The European Union needs to integrate further politically in order to survive and should push aside Britain as the "problem" country risks blocking such a move, ex-German chancellor Gerhard Schröder has warned.
Schröder, who was Germany's Social Democrat chancellor until 2005, said that the City of London had derailed many of the EU's financial reforms that were needed in order to steady the eurozone after the financial crisis.
“The failure to implement steps that were decided four years ago by the G-20 in Pittsburgh to restrain the financial sector, has much to do with the City of London,” he told an economic forum in Bregenz, Western Austria.
“Those who are willing to have more integration should not be bound by those who are not.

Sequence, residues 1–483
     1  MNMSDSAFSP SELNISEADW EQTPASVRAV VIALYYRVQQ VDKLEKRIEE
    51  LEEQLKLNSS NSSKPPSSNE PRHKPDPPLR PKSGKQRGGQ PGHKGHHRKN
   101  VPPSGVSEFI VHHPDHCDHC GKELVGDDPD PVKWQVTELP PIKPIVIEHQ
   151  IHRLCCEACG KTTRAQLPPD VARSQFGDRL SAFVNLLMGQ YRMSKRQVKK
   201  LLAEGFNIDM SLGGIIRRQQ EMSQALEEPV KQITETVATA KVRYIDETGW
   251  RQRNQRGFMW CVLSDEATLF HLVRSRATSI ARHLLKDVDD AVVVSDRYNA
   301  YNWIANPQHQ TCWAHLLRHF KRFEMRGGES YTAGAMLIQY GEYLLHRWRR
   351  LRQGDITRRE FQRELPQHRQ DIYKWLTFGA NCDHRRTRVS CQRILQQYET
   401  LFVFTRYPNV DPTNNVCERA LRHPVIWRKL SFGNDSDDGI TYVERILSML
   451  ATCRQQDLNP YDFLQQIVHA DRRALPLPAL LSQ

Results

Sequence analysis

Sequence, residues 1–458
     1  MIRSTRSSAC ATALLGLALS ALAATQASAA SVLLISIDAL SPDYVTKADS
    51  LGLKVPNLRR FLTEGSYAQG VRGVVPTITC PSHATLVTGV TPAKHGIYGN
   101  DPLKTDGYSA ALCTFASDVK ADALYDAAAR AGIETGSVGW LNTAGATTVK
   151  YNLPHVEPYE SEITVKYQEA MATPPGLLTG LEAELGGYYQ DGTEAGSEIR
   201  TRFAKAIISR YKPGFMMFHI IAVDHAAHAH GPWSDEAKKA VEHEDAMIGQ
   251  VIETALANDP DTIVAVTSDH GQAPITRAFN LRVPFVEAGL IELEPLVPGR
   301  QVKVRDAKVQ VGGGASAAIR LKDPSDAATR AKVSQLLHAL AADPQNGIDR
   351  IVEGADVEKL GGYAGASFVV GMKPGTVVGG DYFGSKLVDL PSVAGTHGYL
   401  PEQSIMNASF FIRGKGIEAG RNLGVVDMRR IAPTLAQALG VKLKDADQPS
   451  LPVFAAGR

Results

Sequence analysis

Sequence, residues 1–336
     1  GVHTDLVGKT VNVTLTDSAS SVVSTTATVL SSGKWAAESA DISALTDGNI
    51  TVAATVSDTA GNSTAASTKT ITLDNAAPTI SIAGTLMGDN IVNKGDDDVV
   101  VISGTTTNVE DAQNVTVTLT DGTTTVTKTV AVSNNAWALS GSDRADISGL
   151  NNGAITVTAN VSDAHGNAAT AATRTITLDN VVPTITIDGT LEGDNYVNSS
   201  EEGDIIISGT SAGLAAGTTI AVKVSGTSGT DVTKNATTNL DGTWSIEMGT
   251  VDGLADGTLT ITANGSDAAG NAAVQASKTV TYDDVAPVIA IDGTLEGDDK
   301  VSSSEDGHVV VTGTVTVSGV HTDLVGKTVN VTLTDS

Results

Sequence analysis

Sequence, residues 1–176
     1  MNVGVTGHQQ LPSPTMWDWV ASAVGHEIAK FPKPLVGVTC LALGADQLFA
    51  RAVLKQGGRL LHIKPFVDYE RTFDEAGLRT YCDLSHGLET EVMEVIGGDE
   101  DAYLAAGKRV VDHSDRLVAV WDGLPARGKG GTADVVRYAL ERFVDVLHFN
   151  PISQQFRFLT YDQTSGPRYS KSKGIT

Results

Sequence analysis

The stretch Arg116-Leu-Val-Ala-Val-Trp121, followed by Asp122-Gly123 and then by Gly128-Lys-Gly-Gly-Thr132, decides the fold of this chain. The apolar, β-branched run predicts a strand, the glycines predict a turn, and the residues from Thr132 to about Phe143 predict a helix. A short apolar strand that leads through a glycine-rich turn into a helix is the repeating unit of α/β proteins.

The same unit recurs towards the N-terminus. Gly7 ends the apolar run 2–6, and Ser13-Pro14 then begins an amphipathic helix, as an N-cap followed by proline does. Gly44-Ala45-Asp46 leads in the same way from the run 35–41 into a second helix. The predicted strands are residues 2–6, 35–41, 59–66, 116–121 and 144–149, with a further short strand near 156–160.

"The problem has a name, and that's Britain. As long as the British block these moves, nothing will happen," according to reports.
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The former Social Democrat chancellor's intervention is significant because current German chancellor Angela Merkel, although sympathetic to David Cameron's Euroscepticism, is in coalition talks with the Social Democrats, who are more hostile to Cameron's diplomatic stance.
Schröder went on: “We can assume that Britain is no longer willing to join the euro area. Countries that are not in the euro area cannot prevent greater integration. It’s tough but you cannot say ‘I will not be there but I want a say’.”
“The EU's political structure cannot remain static. We need to press ahead with Europe's political unity, towards a kind of European federation.”